Studying
Religion in
Culture


Past Events, 2002-03

Recalling his training as an undergraduate Religious Studies major, he rose to ask the speaker a question...

The Inaugural Aronov Lecture

Each Fall, the Department will sponsor an Aronov Lecture, delivered by a nationally recognized scholar of religion capable of exploring the wider relevance of the academic study of religion to the mission of the public university. This event is made possible by the Department's Aaron Aronov Endowment for Judaic Studies.

November 4, 2002
Professor Martin Jaffee
Department of Comparative Religion
University of Washington
Topic: "Can I Share a Personal Example with You?: Self-Disclosure, Religious Studies Pedagogy, and the Sceptical Mission of the University."

Read the essay that first suggested Prof. Jaffee as a possible Aronov Lecturer, "Fessing Up in Theory: On Professing and Confessing in the Religious Studies Classroom."

See the University's Press Release on Prof. Jaffee's lecture.


American Religion Discussion Group

Saturday, March 1, 2003
Meeting of the American Religion Discussion Group
The American Religion Discussion Group is a semi-annual gathering of American religion historians, drawing participants from colleges and universities in the South, including Clemson, Vanderbilt, University of Tennessee at Chattanooga, Georgia, Samford, Auburn and Alabama. This is the first time that the University of Alabama has hosted this event. The topic for discussion at this meeting is the book Wayne Flynt's book, Alabama Baptists (1998). The meeting will take place in the Ferguson Center's Anderson Room (on the 3rd floor) from 9:00-12:00.


Religion in Culture Lectures

September 26, 2002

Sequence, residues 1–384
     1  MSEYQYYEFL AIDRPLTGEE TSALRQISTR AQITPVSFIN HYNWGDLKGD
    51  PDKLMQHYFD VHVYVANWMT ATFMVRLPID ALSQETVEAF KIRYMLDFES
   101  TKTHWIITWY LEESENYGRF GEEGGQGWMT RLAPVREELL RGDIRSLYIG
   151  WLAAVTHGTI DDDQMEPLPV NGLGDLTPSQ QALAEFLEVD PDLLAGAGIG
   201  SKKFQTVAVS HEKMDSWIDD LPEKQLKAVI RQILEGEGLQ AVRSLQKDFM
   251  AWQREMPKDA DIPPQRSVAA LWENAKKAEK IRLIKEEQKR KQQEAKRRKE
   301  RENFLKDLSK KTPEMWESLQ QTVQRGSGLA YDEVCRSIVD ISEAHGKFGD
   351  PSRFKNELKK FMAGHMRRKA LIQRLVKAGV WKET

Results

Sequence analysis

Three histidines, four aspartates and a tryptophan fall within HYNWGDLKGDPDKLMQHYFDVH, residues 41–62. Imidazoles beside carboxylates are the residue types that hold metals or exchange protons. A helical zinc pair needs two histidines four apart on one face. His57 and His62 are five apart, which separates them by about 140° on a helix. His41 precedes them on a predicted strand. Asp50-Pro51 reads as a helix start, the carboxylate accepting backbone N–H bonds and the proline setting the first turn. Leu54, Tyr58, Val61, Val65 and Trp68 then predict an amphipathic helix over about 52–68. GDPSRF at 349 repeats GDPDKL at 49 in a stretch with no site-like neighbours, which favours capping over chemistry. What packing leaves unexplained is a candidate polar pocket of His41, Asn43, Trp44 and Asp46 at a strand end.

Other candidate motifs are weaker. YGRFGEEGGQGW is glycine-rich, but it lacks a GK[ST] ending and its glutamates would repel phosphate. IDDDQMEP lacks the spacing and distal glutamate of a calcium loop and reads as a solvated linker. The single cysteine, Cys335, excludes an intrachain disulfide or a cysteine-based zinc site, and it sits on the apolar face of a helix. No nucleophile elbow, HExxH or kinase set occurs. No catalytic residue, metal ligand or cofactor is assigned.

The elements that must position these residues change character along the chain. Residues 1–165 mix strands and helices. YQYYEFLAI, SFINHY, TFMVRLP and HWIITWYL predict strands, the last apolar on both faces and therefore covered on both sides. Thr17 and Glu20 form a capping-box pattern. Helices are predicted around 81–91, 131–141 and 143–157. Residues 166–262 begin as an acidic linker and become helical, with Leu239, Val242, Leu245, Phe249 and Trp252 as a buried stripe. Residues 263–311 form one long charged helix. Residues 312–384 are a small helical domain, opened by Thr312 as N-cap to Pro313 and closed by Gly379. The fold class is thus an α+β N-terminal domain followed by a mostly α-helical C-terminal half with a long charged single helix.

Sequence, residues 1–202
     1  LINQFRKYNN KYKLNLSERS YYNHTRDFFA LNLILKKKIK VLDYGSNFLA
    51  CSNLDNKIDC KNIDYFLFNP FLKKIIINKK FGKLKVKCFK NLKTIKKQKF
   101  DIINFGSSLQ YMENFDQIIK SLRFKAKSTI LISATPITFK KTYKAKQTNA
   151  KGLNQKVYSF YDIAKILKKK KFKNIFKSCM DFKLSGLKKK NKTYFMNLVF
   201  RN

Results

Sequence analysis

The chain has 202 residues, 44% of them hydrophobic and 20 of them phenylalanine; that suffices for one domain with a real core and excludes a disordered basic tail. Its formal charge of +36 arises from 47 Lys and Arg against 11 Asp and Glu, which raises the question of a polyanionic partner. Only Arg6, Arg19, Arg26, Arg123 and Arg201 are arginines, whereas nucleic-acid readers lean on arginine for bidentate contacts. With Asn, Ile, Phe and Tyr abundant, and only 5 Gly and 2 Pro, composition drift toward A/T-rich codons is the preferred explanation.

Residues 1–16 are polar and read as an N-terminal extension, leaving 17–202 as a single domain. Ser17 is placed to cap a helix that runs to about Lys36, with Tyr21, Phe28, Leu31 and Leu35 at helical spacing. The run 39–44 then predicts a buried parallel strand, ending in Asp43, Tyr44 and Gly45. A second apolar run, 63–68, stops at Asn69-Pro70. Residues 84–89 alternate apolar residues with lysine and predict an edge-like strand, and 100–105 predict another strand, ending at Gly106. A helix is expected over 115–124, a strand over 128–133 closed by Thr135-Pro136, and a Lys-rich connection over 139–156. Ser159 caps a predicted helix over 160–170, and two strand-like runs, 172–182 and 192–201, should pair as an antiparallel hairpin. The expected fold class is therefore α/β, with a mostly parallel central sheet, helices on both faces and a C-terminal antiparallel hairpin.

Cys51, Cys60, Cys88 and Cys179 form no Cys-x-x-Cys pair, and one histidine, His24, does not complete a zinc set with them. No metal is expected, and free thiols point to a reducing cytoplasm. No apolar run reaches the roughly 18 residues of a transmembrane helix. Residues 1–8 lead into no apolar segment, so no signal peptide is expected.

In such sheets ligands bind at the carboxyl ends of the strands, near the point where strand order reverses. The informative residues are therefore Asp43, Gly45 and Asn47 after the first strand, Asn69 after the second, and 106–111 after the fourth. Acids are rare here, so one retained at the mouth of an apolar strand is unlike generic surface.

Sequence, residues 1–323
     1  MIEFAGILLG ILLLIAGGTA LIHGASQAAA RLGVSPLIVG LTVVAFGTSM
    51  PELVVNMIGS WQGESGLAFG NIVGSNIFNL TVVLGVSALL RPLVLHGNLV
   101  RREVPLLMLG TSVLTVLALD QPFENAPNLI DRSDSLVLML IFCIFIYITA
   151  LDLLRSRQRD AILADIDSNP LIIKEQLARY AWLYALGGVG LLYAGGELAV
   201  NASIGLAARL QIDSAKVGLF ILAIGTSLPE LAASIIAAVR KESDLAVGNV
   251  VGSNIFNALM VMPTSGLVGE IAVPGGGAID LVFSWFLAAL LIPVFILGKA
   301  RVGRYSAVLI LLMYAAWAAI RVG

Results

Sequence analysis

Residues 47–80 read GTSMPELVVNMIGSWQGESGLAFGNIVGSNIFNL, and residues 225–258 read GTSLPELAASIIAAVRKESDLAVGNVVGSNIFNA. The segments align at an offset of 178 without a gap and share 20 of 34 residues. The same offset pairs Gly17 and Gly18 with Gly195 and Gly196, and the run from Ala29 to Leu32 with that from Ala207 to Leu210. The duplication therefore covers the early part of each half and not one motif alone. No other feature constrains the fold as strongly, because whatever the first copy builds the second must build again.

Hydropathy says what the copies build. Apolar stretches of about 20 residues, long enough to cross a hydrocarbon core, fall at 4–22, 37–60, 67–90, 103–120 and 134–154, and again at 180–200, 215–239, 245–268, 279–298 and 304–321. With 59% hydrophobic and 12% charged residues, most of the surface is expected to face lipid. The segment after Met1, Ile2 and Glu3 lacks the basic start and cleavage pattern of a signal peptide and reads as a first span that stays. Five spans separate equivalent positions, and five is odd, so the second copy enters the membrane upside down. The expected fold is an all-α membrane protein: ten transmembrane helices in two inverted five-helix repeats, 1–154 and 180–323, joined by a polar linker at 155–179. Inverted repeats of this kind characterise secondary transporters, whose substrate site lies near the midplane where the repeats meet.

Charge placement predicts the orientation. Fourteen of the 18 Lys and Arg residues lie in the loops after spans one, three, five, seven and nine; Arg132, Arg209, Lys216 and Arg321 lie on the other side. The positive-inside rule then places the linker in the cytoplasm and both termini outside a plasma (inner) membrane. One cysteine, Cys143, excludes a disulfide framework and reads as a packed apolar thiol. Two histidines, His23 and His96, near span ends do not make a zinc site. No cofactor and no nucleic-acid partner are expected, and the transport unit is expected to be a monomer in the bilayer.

Professor Eddie Glaude Jr.
Center for the Study of Religion
Princeton University
Topic: "In Search of a Black Public: The Changing Place of African American Religion during the Interwar Period"

In preparation for this lecture, a faculty group is reading Prof. Glaude's first book, Exodus! Religion, Race, and Nation in Early Nineteenth Century Black America (2000). This lecture is made possible by the combined efforts of: American Studies, African-American Studies, History, New College, English, the Dean of the College of Arts & Sciences, and the Office of the Provost, as well as through the cooperation of Stillman College, where Prof. Glaude spoke on September 27.

Wednesday, February 19, 2003
Professor Willi Braun
Department of Comparative Literature, Religion, and Film/Media Studies
University of Alberta, Canada
Topic: "Reading Myth, Writing History: Historiographical Reflections on the Study of Early Christianity."

Professor Braun is the author of Feasting and Social Rhetoric in Luke 14 (1995), co-editor of the Guide to the Study of Religion (2000), and longtime editor of the international scholarly journal, Method & Theory in the Study of Religion. His seminar will be held in the Student Services Building (Room 101F). This event is made possible by the Anonymous Lecture Fund of the College of Arts & Sciences.

Monday, March 10, 2003
Prof. Lawrence Powell
Department of History
Tulane University
and
Holocaust survivor Anne Levy
Topic: "Troubled Memory: Anne Levy, the Holocaust, and David Duke's Louisianna."
A reception and book signing follows, all of which is held in 205 Smith Hall at 7 p.m. This event is made possible by the Department's Aronov Endowment for Judaic Studies.

Thursday, March 13, 2003
George Williamson
Department of History
University of Alabama
Topic: "Creating a National Mythology: Religion, Scholarship, and the Postcolonial Moment in Germany, 1770-1848."

A brief response to the paper will be delivered by Tim Murphy, Assistant Professor of Religious Studies at the University of Alabama. The event will be held from 3:30-4:30 in the Forum Room of the Ferguson Center (Room 360), with a reception to follow in the Anderson Room (Room 313). The event is free and open to the public. This event is made possible by the Anonymous Lecture Fund of the College of Arts & Sciences.

Monday, March 31, 2003
Mark McCormick
Assistant Professor of Old Testament
Stillman College, Tuscaloosa AL
Topic: "Fifty Years of Fact and Fiction: The Culture of Biblical Studies and the Creation of History."

Professor McCormick is the author of Palace and Temple: A Study of Architectural and Verbal Icons (2002). This event will be held at 7:00 p.m. in Smith Hall (Room 205) with a reception to follow in the 2nd floor gallery of Smith Hall. The event is free and open to the public, and is made posible by the support of the Department's Aaron Aronov Endowment for Judaic Studies.